Finally, just because you and your husband will have your son's college costs covered, it doesn't necessarily mean that you need to spend all of your savings. Many colleges (though NOT the Ivies) award "merit aid." This is scholarship money that comes from the college itself in order to entice top applicants to enroll. Some colleges give huge merit awards to a handful of students; others give out less money but more liberally. It's hard to figure out which colleges offer the best merit aid. There are no master lists; policies change all the time; and Web sites can be vague about who gets what. However, as a general rule of thumb, if your son is applying to a college where his "numbers" (grades, SATs, rank, AP results) put him at the high end of (or above) the usual admitted-student pool, then he is likely to receive some sort of merit grant (assuming that the college does give merit aid and, these days, the majority do, although many of the most well-known colleges don't ... at least not yet).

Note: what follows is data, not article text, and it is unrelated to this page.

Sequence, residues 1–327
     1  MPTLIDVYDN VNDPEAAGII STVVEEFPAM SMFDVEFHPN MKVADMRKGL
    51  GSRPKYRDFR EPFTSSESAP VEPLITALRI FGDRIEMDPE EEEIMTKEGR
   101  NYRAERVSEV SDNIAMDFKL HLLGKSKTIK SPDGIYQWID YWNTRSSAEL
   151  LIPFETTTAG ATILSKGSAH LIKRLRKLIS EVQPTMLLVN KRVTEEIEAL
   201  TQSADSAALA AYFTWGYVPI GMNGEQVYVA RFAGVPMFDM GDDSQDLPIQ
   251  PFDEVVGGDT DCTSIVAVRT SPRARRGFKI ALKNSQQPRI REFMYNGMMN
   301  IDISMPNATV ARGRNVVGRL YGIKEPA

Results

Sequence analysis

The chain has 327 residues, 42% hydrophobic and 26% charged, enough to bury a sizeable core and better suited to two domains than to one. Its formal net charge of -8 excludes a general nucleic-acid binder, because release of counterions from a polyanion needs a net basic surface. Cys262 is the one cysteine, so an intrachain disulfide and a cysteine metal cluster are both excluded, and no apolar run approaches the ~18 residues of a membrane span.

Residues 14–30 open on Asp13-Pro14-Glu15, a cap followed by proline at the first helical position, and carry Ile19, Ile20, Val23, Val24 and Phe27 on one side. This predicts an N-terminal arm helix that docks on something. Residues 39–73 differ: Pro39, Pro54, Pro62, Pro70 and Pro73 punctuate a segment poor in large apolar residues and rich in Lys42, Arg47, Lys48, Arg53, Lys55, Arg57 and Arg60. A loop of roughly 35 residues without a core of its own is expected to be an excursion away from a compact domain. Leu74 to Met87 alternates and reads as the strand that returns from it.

If you want to start playing around with college options just for "fun" (well, it's SOME folks' idea of fun, I suspect :-)), try this:
Go to the College Board online search mechanism at http://www.collegeboard.com/splash
Click on "College MatchMaker," which you'll see on the left side of the page, just below where it says "College QuickFinder."
Next, respond to the series of questions that follow. You'll be asked about various preferences (two-year vs. four-year school, location, size, etc.) and then about choices of majors and other activities. Under the "Admissions" rubric, near the end, you can plug in various projected SAT scores, GPA, etc. and then hit "Results" to see a list of colleges that your son might want to consider.
While it's certainly way too early to start hunting down colleges in earnest, this might be a good way to locate some campuses worth checking out, as I suggested above.
So, the bottom line is this: The fact that you CAN pay for your son's college is great. He won't have to make his final choice based on cost or financial aid. But as you forge into the fray, the money issue should take a back seat to other priorities.